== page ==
These multifarious concerns have spawned a Reddit discussion about how the government shutdown will affect scientists.

Some of the comments include:

“I have no way to contact my Program Officer about my upcoming grant submissions, or previous grants that are under review. I can’t submit grants — and if the shutdown goes on long enough, I’m guessing that the NIH will start falling behind on Study Sections and the rest of the review process. As the money on hand dries up, this will grow into a huge problem for most labs.”

“Unfortunately, the likelihood of forthcoming grant issues is extremely high — for the NIH anyway. The review panels are scheduled a year or more in advance and are populated primarily by senior faculty/researchers. Getting 20+ senior folks together for a week is a challenge a year in advance, so I can’t imagine they’ll be able to replicate the current funding schedule that many rely upon.”

“I’ve been using NASA’s computers to run radiation simulations on spacecraft, to help improve the software NASA uses to design shielding for spacecraft (real and theoretical) in Low Earth Orbit (LEO) and deep space. Because of the shutdown, I (and my boss) have been deemed non-essential. My remote access has been revoked, and his laptop has been confiscated while he was sent home until time TBD. Yesterday was a 24-hour marathon of let’s see how much work we can get done and download for data analysis at home.”

Patents are another concern. While the U.S. Patent And Trademark Office is staying open for up to four weeks by using reserve fee collections, not all necessary legal and patent review facilities are functioning. A delay in a patent can be detrimental to an inventor as competing patent claims are based on filing dates. So an overseas competitor could file a patent that would otherwise have been granted to an American if it weren’t for the shutdown. Many patents are very time-sensitive.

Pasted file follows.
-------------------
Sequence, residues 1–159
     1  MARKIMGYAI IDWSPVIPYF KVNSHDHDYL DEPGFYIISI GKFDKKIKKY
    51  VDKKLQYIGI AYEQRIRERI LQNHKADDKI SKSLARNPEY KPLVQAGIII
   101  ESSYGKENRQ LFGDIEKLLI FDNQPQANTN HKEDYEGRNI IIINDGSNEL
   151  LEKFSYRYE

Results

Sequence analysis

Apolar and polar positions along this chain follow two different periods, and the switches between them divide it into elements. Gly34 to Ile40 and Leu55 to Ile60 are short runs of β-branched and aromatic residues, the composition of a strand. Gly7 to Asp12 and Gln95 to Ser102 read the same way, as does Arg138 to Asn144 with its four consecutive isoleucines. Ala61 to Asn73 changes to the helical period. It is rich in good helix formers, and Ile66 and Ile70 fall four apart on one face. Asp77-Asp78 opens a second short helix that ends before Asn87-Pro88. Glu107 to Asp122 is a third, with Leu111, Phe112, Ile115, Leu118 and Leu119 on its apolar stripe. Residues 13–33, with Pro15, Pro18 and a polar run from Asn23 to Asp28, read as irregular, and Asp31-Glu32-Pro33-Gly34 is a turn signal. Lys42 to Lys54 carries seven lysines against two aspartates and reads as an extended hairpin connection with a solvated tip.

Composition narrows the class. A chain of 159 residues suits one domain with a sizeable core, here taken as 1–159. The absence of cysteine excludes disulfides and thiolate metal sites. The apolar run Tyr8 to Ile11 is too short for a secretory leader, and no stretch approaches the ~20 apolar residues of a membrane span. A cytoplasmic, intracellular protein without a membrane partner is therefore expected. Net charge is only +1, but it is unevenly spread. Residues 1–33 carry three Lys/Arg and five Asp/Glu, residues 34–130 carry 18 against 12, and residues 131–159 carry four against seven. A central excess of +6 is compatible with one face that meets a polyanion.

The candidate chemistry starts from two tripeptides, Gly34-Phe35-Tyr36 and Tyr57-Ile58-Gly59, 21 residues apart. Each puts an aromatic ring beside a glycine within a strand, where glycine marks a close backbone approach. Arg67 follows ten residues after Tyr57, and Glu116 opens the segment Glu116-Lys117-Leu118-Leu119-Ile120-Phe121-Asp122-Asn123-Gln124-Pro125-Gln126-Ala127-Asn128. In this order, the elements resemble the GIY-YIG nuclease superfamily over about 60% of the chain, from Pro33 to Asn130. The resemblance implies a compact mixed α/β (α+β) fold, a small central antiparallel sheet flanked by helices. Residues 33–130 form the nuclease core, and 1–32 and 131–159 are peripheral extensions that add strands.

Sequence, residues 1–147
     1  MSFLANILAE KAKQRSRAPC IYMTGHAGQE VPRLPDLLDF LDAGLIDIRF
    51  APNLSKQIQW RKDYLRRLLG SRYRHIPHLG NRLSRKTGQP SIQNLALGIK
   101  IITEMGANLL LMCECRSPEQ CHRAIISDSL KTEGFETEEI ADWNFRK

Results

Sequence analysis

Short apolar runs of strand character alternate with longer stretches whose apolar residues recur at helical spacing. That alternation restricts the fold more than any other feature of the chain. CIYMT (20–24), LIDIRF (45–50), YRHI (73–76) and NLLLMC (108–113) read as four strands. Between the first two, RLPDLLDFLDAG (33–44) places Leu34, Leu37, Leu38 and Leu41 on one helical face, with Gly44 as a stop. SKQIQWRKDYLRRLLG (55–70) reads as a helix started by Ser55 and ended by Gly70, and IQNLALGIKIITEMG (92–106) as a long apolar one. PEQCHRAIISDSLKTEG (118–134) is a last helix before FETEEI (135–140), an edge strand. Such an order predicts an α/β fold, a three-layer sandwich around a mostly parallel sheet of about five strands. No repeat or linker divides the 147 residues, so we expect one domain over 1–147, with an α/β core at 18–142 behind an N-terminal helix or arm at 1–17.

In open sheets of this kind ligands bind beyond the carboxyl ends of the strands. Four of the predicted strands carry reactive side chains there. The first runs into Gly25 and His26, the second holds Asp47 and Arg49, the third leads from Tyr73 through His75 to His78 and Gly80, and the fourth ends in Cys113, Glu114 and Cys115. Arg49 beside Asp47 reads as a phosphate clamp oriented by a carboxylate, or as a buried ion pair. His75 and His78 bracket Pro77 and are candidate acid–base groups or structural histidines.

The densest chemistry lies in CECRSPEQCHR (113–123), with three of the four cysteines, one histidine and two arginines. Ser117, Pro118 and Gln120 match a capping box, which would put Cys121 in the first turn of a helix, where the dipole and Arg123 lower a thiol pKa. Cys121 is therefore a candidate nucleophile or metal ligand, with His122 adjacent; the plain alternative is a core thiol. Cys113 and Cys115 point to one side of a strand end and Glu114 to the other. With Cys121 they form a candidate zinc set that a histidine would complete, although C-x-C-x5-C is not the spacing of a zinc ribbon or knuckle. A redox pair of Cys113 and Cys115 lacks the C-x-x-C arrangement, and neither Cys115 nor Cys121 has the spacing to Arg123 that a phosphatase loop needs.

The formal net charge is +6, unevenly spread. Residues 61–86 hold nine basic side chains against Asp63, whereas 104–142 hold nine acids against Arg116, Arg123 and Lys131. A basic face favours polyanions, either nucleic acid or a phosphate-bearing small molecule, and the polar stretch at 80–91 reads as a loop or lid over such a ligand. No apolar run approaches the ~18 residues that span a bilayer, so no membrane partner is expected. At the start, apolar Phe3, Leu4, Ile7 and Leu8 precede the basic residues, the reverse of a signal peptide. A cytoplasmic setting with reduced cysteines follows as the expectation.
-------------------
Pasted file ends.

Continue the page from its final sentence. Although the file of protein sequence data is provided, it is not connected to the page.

Then there’s the issue of morale, especially for federally employed scientists like those at the NPS who were already under one-day-a-week furlough all summer. To go from a furlough to a shutdown in which you have less than 24-hours to prepare yourself, your students, and your staff for an undetermined amount of leave time is not an uplifting experience. Plans that were made for conferences or other work-related events, which can often take weeks or months to coordinate, must also be cancelled or rescheduled.

And things may get worse before they get better. Science Careers quotes the head of grants office as writing in an email:

“What’s more frightening [than the threat of a government shutdown] is the pending debt ceiling negotiations. The last time there was an 11th hour deal on that, it resulted in the sequester. And if there isn’t an 11th hour deal, and the U.S. is allowed to default, then we’re in uncharted territory — grantee organizations and government contractors could be facing partial and/or delayed payments for costs that have already been incurred. And that’s just limiting it to a parochial view of the immediate impact on government grants, broader economic implications aside.”